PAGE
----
BY: JESSICA CHANDRAS, visiting Assistant Professor, Kenyon College
I have found that inclusive pedagogical practices have been exceptionally effective teaching linguistic anthropological themes and concepts. I want to share reflections on teaching linguistic anthropology to undergraduate students at Kenyon College in Gambier, Ohio through inclusive pedagogy using contemporary media as a resource, specifically Disney’s 2017 movie, Coco.
By teaching through student perspectives, inclusive pedagogical practices foster inclusivity by drawing upon students’ diverse perspectives and backgrounds as teaching and learning resources (Lawrie et al 2017, Lintott and Skitolsky 2016, Spratt and Florian 2015). In short, inclusive pedagogical practices create an atmosphere that fosters learning through diversity where the differences among students are a pedagogical strength for the class or lesson as a whole (Florian and Black-Hawkins 2011). To begin the lesson, I summarizied that the movie follows a young protagonist, Miguel, into The Land of the Dead via the distinctly Latin American holiday, Dia de los Muertos, or the Day of the Dead. The holiday celebrates the memories of deceased loved ones and Miguel, as a central figure, heals a familial dispute over one’s responsibilities to family over career ambition as he treads through the lands of the living and the dead to follow his passion to become a musician. The film draws upon distinctly Latin American, specifically Mexican, iconography and language, yet is intended for an international audience. Most interesting and relevant to the discussion of the movie in connection to concepts from my class was the mix of English and Mexican Spanish in Coco.
Student responses to the movie illuminated multilingual language use and media representations of cultural practices in ways that drove a productive discussion. Students noted that code switches were often accents, familial names, and tag endings, where a switch is “tagged” onto the end of a sentence. For tag endings, characters would speak a sentence in English and then at the end, use a phrase or word in Spanish, which could emphasize the message or intended audience of the statement but would not affect how viewers understand the meaning of the sentence or phrase, such as the tag “chamaco,” or boy, when speaking to Miguel. Similarly, family names included markers of their relationships such as uncles with “tío” before their names, or the word for uncle in Spanish. Multiple characters also spoke English with Mexican Spanish accents, implying that they are Spanish-speaking characters but again, accessible for an English-speaking audience. Students recalled some specific jokes in the movie that used a Spanish word which may have been specific for Spanish-speaking audiences, but were not consequential to the plot to alienate non-Spanish speakers. Similarly, more complicated Mexican Spanish words, like Alebrijes, the brightly painted wooden animal icons famous to southern Mexico, were granted explicit translations as part of the plot. Looking closely at the way language and culture were intertwined in the film, each student reflected on their own backgrounds and understanding of language use through code switching and its connection to identity as a means to make conclusions about language use in the movie.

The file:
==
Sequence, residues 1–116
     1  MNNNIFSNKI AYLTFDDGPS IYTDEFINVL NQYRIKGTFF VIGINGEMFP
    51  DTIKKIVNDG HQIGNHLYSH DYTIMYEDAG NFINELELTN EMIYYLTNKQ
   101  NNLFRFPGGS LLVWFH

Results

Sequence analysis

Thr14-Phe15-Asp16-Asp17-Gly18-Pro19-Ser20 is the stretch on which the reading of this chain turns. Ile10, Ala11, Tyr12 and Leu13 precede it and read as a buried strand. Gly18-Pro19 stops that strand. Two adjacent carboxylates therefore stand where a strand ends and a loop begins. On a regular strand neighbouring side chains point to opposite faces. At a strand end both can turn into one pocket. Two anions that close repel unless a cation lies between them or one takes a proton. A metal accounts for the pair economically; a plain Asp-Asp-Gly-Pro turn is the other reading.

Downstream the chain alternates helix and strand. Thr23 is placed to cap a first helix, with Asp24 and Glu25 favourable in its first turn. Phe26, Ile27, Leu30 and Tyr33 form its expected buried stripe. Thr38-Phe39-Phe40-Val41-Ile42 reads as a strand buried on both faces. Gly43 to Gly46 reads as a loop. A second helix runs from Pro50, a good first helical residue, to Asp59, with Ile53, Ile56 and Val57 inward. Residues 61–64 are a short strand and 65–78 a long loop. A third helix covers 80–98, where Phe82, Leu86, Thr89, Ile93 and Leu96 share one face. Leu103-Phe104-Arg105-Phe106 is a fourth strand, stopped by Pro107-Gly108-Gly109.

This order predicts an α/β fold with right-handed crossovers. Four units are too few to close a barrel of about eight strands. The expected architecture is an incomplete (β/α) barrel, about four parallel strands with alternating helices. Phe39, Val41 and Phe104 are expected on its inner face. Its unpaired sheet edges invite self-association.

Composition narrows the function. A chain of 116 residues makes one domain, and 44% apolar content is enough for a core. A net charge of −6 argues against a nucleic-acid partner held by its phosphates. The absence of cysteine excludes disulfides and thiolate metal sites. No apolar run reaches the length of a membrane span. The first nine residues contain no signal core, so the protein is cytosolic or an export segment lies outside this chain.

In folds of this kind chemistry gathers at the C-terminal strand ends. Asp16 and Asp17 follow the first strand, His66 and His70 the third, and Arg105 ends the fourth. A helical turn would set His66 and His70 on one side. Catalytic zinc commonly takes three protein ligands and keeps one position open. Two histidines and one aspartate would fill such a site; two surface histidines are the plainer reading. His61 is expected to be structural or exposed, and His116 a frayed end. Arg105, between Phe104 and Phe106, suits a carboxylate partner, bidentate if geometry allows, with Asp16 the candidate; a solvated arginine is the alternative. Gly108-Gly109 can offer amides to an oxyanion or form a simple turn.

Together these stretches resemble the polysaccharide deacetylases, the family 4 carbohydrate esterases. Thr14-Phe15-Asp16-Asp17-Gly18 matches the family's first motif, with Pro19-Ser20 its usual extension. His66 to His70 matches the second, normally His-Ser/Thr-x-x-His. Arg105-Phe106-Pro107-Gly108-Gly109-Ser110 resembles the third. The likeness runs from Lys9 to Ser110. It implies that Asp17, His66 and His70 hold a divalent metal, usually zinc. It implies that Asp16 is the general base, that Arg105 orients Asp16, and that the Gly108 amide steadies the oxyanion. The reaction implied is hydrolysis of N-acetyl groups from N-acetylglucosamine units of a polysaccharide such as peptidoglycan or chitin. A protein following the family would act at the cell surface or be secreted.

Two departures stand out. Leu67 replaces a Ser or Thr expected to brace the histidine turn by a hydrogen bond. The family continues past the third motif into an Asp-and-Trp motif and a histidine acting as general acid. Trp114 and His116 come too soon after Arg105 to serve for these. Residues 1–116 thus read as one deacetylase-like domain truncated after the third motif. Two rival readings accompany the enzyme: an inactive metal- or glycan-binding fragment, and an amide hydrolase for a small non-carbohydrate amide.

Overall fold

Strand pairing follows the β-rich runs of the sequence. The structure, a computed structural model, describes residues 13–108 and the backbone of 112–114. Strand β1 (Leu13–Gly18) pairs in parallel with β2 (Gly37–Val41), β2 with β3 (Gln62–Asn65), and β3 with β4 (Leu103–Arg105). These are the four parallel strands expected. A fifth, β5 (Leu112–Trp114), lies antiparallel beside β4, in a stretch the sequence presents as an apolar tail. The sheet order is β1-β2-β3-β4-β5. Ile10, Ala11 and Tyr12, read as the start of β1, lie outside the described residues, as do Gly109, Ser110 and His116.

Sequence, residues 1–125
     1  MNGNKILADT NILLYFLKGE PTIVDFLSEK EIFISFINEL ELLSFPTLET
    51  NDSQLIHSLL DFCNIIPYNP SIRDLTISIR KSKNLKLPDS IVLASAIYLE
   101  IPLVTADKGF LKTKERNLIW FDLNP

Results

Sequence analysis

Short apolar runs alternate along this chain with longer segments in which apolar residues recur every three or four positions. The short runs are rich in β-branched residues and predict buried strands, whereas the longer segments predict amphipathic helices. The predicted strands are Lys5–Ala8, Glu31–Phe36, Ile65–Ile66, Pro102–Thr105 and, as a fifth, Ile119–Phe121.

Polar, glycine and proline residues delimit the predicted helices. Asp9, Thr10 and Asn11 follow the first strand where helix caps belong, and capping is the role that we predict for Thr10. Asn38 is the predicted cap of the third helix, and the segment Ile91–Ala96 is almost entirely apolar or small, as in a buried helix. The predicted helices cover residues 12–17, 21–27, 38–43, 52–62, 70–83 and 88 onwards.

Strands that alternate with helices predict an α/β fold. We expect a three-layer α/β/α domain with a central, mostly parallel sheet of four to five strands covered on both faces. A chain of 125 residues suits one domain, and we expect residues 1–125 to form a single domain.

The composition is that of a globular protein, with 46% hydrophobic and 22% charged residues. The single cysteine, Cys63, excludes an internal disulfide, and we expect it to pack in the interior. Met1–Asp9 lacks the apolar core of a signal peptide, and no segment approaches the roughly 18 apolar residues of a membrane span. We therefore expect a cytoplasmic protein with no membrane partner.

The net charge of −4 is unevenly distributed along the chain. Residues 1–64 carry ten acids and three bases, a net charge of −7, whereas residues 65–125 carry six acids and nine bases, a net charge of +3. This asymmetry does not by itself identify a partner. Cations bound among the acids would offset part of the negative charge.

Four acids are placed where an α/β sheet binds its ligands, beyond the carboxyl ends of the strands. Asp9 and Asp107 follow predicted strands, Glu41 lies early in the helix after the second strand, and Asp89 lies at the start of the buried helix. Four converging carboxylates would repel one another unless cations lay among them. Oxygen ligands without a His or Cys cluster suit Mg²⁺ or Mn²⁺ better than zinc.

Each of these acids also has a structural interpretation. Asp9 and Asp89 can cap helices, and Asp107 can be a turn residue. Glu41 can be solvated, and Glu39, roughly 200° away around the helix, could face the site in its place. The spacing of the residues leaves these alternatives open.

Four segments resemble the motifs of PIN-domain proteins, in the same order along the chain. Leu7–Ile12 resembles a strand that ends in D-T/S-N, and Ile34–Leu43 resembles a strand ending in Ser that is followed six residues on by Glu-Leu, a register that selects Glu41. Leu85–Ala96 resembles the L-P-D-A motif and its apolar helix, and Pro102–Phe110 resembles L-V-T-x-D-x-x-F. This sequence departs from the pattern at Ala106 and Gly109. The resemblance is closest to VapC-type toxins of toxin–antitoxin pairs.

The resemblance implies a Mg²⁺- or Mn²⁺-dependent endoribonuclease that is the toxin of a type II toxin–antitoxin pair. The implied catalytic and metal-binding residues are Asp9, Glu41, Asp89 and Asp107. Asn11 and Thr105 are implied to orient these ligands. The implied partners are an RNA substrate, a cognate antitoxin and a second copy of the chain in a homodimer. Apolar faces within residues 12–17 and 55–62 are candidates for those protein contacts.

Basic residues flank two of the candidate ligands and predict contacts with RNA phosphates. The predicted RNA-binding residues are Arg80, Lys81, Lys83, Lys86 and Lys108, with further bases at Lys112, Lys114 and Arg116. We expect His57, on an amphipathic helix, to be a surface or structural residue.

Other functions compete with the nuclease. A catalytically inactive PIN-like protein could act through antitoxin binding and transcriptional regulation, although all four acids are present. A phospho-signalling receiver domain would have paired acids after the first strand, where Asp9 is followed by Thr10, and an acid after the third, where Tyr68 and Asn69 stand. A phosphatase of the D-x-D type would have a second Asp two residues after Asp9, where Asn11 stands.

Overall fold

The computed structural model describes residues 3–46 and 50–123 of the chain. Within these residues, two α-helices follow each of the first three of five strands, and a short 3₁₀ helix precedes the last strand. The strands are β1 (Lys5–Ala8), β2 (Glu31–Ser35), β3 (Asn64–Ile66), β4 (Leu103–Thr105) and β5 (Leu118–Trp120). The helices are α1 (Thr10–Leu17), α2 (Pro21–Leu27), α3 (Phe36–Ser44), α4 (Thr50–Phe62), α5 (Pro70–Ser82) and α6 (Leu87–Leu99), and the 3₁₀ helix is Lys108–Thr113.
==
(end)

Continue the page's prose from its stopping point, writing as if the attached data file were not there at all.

A student from China noted that the familial values in the film resonated with her and Chinese traditions of honoring deceased family members. She shared that in China, there were two versions of the movie: one where all the dialogue and songs were dubbed into Mandarin, and another where the songs remained in English with Chinese subtitles. She did not recall or notice the code switches she noted in the English version when watching the movie in China. The connection of Day of the Dead to Qingming, the Chinese holiday to respect and honor the dead, resonated with her and explain how the movie became so popular in China.
Similarly, a student who grew up speaking a mix of Spanish and English at the southern American border in Texas, reflected that the use of language in the film reminded her of how she spoke with her family. She, among other students, described the use of English and Spanish, even if specifically contrived to allow for non-Spanish speaking intelligibility, as providing an authentic and relatable representation of Mexican cultural practices. In the end, the inclusive pedagogical practice of drawing upon how students use and think about language in relation to their distinct backgrounds with language and identity, successfully explored common sociolinguistic themes through the movie Coco in a college level introduction to linguistic anthropology course.
Jessica Chandras is an anthropologist trained in ethnographic methods with a focus on linguistic and sociocultural anthropology. Her current research focuses on language, education, and identity in India.
Florian, Lani, and Kristine Black-Hawkins. 2011. “Exploring Inclusive Pedagogy.” British Educational Research Journal 37 (5): 813–28.
Lawrie, Gwen, Elizabeth Marquis, Eddie Fuller, Tara Newman, Mei Qiu, Milton Nomikoudis, Frits Roelofs, and Lianne van Dam. 2017. “Moving Towards Inclusive Learning and Teaching: A Synthesis of Recent Literature.” Teaching & Learning Inquiry: The ISSOTL Journal 5 (1). https://doi.org/10.20343/teachlearninqu.5.1.3.
Lintott, Sheila, and Lissa Skitolsky. 2016. “Inclusive Pedagogy: Beyond Simple Content.” Hypatia 31 (2): 447–59. https://doi.org/10.1111/hypa.12247.
Spratt, Jennifer, and Lani Florian. 2015. “Inclusive Pedagogy: From Learning to Action. Supporting Each Individual in the Context of ‘Everybody.’” Teaching and Teacher Education 49 (July): 89–96. https://doi.org/10.1016/j.tate.2015.03.006.
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